Nearly all islands across the Lesser Antilles are experiencing moderate air quality levels as of 7:30 AM Tuesday 25th June 2019. A moderate surge of Saharan Dust is forecast to continue moving across Trinidad, Tobago and the Southern Windwards with its peak occurring on today. This dust event is not forecast to be severe, with good to moderate air quality forecast throughout the week. A more significant surge in Saharan Dust forecast by Saturday, which will be more prolonged, into the first week of July.
Presently, mild to moderate concentrations of Saharan Dust are present across Trinidad and Tobago, with air quality at moderate levels.
Similar conditions are occurring across the Lesser Antilles as this dust plume began affecting the Lesser Antilles overnight. Note that this dust plume has not been as significant in reducing air quality as the previous surge, late last week.
Moderate Air Quality
AQI – 51 to 100
What does this mean for you?
Air quality is acceptable; however, for some pollutants, there may be a moderate health concern for a very small number of people who are unusually sensitive to air pollution.
Who needs to be concerned?
Unusually sensitive people: Consider reducing prolonged or heavy exertion. Watch for symptoms such as coughing or shortness of breath. These are signs to take it easier.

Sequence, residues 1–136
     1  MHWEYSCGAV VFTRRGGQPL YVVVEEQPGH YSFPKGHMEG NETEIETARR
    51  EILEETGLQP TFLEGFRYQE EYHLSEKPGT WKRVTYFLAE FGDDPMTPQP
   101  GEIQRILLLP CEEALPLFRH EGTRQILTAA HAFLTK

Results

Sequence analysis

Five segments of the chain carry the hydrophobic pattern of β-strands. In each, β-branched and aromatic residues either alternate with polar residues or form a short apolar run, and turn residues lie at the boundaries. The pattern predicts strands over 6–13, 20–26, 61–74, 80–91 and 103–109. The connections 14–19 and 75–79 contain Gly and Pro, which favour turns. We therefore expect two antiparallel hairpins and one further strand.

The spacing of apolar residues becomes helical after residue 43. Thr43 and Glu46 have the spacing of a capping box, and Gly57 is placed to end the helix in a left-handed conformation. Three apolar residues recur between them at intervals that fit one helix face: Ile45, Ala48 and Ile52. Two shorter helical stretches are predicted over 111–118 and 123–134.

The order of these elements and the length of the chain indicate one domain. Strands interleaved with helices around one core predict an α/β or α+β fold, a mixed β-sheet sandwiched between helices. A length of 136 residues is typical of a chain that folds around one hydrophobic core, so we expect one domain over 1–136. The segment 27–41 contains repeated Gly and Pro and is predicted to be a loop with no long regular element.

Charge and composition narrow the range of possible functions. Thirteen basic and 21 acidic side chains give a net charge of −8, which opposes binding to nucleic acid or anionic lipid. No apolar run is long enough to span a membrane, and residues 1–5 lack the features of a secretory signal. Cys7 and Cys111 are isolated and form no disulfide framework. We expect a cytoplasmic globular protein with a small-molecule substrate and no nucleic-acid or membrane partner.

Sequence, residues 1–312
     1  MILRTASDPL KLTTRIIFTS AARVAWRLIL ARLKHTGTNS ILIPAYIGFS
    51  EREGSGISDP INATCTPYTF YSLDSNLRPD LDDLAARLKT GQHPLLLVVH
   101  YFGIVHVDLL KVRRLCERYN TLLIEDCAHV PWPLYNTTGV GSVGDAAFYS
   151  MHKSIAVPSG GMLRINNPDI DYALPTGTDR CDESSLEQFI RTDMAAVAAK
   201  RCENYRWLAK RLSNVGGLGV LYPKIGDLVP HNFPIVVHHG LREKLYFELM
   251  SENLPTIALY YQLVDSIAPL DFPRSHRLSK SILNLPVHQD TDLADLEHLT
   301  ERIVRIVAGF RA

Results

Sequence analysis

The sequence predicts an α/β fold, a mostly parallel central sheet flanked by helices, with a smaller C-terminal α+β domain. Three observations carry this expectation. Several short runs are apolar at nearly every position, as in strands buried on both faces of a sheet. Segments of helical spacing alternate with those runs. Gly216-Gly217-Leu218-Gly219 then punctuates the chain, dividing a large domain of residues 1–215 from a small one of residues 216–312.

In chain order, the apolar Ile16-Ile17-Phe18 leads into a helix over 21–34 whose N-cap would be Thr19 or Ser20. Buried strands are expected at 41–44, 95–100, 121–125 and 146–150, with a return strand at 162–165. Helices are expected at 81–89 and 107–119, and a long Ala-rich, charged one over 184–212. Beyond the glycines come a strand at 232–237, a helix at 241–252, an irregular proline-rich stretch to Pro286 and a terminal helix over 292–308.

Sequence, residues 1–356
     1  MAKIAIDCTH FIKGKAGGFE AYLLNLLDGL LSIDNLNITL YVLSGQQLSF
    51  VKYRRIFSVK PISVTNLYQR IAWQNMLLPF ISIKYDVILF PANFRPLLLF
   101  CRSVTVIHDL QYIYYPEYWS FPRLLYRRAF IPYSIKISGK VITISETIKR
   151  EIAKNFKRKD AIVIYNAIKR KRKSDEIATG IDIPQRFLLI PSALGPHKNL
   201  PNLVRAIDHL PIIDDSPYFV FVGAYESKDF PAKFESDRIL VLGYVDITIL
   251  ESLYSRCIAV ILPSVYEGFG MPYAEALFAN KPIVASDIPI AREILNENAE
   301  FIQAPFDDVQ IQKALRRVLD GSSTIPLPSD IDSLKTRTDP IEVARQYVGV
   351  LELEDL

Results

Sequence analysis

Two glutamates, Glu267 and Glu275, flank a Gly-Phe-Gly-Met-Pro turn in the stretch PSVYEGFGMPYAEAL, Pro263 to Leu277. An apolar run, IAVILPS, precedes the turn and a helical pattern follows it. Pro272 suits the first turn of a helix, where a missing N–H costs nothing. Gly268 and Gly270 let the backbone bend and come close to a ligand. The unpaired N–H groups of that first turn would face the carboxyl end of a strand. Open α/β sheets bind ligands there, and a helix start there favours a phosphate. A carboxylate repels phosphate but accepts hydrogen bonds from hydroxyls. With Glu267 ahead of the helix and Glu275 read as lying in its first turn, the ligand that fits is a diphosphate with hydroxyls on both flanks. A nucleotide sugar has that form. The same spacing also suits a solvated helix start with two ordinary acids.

Everyone else: It’s a good day to be active outside.
What should you do?
Sensitive Groups: Sensitive groups such as those with respiratory ailments, children and the elderly are advised to reduce outdoor physical exertion, and reduce the time of their stay outdoors, especially in areas with heavy traffic.
Air purification: At this level, the air is slightly polluted. It is recommended to turn on your air purifier, running at a low level, at a minimum.
Ventilation: Please close windows, as the air is slightly polluted.
Masks: Wearing a mask during outdoor activity is recommended, particularly in areas with heavy traffic.
Outdoor Activity: It is recommended to stay indoors and avoid outdoor exercise.
The concentration of the dust that follows the wave depends on the strength of the wave as it moves off the West African Coast. This is because of stronger thunderstorms across Central Africa. As strong winds move downward and outward from these thunderstorms, the wind kicks up dust as it moves across parts of the Saharan Desert and transports it into the upper atmosphere. This “plume” of dust follows the axis of the wave as it progresses westward into the Atlantic.
Larger, more concentrated plumes of Saharan dust begin to occur in April and continue through November.
Dust models continue to show, following the passage of tropical waves, moderate concentrations of Saharan Dust moving across Trinidad and Tobago over the next several weeks. Based on the latest model guidance, following this surge over the next 24 hours, another moderate surge is forecast by June 30th.
Sensitive groups such as persons with respiratory ailments, children, the elderly and cardiopulmonary disease should take the necessary precautions on days where dust concentrations degrade air quality to moderate to unhealthy for sensitive groups.